N E W S
TO GROW BIZAV MARKET
Artist’s impression of the
Below: The iron bird
prototype used for
“I am convinced this
is the future of general
aviation – the business
case works really well”
Jean Botti, founder and CEO of VoltAero the airframe’s
BUSINESS AIRPORT INTERNATIONAL JANUARY 2 0 2 0 |
The boss of French hybrid
aircraft company VoltAero
has said he believes the
pioneering airplane his firm is
developing could significantly grow the
business and general aviation market.
VoltAero, which is headed up by
former Airbus chief technology officer
Jean Botti is developing the Cassio
hybrid aircraft and is specifically
targeting the business and general
The company expects the first hybrid
flight of its prototype to take place in the
west of France next month, as it aims
for certification within three years and
to be manufacturing 150 aircraft a year
There are around 30 hybrid fixed
wing aircraft in development around the
world. Only a few series-hybrid electric
aircraft have ever been successfully
flight-tested, such as the Diamond
E-Star and Ampaire’s Electric EEL.
The Cassio will be available in four,
six and nine seat configurations. The
final version of the aircraft will weigh
2.5 tons to qualify for EASA’s CS-23
certification, will have a cruising
speed of 200 knots and a
range of 800km.
Cassio has been
designed to be faster
than aircraft made by
direct competitors such
as Cirrus and Cessna.
The hybrid aircraft will
use 600kW of power and
produce 20% less emissions
than similar aircraft.
The Cassio will require an
1,800ft runway length for takeoff,
opening up the possibility of using it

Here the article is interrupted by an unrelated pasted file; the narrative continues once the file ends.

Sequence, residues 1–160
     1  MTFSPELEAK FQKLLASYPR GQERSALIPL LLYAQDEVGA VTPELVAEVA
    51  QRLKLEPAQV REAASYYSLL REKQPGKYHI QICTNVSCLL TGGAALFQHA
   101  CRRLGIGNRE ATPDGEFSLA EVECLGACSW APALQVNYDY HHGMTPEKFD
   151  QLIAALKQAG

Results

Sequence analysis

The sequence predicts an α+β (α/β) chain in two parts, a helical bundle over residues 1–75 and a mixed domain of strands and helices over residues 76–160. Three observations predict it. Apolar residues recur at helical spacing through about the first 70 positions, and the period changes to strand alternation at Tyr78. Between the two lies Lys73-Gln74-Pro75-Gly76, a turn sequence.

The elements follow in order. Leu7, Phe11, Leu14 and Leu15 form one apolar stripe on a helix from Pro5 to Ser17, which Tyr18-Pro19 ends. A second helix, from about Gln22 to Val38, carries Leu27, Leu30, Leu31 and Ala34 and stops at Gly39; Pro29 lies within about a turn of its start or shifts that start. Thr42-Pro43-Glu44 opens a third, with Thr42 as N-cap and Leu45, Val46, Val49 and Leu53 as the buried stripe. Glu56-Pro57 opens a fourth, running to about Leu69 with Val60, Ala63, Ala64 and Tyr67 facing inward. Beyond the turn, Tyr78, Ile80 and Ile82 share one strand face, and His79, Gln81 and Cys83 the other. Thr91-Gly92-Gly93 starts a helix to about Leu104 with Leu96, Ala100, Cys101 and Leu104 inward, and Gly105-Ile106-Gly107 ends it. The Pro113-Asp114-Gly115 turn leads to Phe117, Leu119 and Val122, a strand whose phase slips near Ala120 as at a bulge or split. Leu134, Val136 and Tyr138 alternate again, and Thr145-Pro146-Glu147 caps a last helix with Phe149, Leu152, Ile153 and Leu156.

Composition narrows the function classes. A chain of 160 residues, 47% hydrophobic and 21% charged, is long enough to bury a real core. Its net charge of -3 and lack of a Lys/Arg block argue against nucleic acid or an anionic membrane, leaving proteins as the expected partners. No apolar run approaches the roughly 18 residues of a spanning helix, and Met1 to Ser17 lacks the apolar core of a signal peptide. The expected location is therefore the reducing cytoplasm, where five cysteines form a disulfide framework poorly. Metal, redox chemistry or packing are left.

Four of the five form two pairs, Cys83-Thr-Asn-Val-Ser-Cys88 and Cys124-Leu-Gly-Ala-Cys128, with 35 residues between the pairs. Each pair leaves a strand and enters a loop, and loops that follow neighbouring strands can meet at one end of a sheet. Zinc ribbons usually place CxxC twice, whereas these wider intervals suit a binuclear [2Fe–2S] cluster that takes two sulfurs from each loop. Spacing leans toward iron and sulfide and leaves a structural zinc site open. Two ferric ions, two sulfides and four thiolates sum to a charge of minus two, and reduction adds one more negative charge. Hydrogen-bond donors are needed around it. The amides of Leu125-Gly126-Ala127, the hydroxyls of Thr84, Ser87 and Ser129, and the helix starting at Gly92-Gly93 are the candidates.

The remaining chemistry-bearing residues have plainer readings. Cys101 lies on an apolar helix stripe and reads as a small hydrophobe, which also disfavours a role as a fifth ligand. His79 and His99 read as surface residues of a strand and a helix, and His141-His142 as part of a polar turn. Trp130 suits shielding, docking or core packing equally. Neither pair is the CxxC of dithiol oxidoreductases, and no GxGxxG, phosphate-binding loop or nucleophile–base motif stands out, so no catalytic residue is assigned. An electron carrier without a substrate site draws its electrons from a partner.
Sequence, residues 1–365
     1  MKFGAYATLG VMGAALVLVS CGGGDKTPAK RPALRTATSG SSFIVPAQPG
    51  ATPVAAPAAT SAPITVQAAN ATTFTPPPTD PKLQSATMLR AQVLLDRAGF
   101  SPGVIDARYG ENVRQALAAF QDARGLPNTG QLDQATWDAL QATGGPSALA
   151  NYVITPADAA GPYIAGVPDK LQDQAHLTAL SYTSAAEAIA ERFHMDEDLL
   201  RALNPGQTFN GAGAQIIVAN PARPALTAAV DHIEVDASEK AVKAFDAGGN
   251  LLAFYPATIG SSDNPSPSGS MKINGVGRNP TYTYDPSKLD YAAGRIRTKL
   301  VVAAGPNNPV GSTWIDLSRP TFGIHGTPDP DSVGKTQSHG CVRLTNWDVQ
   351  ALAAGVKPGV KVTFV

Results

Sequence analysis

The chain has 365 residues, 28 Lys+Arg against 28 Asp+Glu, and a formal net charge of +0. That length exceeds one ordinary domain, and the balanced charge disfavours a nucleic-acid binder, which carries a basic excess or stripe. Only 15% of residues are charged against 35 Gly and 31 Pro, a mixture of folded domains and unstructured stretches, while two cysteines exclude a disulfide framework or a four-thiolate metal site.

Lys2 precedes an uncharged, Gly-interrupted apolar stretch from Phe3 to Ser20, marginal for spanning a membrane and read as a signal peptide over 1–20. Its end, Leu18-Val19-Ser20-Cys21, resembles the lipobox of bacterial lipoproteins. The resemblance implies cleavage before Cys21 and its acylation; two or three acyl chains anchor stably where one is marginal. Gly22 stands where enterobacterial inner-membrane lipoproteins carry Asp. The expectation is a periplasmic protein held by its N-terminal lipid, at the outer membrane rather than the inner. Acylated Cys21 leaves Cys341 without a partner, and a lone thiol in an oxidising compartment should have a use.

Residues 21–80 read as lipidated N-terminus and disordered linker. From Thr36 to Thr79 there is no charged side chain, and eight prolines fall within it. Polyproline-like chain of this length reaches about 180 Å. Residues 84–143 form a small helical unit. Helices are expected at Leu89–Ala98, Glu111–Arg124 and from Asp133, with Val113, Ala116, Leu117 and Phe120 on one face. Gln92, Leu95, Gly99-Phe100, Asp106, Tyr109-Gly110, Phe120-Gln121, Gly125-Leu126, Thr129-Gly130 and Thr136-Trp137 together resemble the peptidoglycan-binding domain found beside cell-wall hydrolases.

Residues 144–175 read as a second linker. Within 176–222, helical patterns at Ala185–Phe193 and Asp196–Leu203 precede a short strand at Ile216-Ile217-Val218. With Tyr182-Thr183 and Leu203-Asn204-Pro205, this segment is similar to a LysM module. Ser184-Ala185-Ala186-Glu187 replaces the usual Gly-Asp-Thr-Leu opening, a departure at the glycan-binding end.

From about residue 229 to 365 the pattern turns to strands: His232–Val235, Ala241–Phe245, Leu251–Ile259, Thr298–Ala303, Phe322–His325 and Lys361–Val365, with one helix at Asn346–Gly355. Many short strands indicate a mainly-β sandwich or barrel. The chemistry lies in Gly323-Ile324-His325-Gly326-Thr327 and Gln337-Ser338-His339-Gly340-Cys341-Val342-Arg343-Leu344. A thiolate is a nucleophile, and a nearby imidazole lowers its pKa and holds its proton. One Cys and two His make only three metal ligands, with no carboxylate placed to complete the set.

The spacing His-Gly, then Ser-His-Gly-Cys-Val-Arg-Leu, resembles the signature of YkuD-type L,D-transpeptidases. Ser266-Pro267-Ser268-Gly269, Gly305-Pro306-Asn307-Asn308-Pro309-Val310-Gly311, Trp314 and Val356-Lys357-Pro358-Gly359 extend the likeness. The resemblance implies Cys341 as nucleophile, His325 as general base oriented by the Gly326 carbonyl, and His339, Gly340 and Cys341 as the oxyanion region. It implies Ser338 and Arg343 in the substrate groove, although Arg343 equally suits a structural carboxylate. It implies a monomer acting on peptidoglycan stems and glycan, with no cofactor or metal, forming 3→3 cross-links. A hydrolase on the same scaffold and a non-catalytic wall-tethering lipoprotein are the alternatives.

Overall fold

at smaller airports. “I am convinced this
is the future of general aviation,” said
VoltAero CEO Botti. “The lower cost of
ownership and the business case work
really well. We need to better use the
infrastructure, including small airports.
Many of which are idle a lot of the time.
“The world is going to see a lot of
growth in the electrification of aviation.
It will expand the customer base for
general and business aviation.”
The prototype is a modified Cessna
337 Skymaster, which was chosen for
“We are confident
we will have our first fully
hybrid configuration testbed
flying by the end of February or early March” said
Botti, CEO of VoltAero. “I think we will surprise many
people with our first flight.”
The testbed aircraft is expected to fly for around 20
hours before engineers modify it for its final 100 hours
of flight testing by adding an optimized propeller on
the rear hybrid power module.
“The hybrid configuration means if there is a big
issue with the electric side you can still land safely.
We also want to stay in the kilowatt range for battery
power. Certification in the MW range will take much
longer,” he said.